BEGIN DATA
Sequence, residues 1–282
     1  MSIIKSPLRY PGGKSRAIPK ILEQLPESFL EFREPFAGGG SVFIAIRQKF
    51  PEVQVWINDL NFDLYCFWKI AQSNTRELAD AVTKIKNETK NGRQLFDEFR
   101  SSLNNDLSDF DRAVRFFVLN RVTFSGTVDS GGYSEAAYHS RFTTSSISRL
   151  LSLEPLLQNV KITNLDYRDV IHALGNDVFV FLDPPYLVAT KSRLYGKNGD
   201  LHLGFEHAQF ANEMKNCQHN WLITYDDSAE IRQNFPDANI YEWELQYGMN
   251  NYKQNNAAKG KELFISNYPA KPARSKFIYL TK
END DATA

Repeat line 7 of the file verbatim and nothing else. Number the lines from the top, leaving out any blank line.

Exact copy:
   251  NYKQNNAAKG KELFISNYPA KPARSKFIYL TK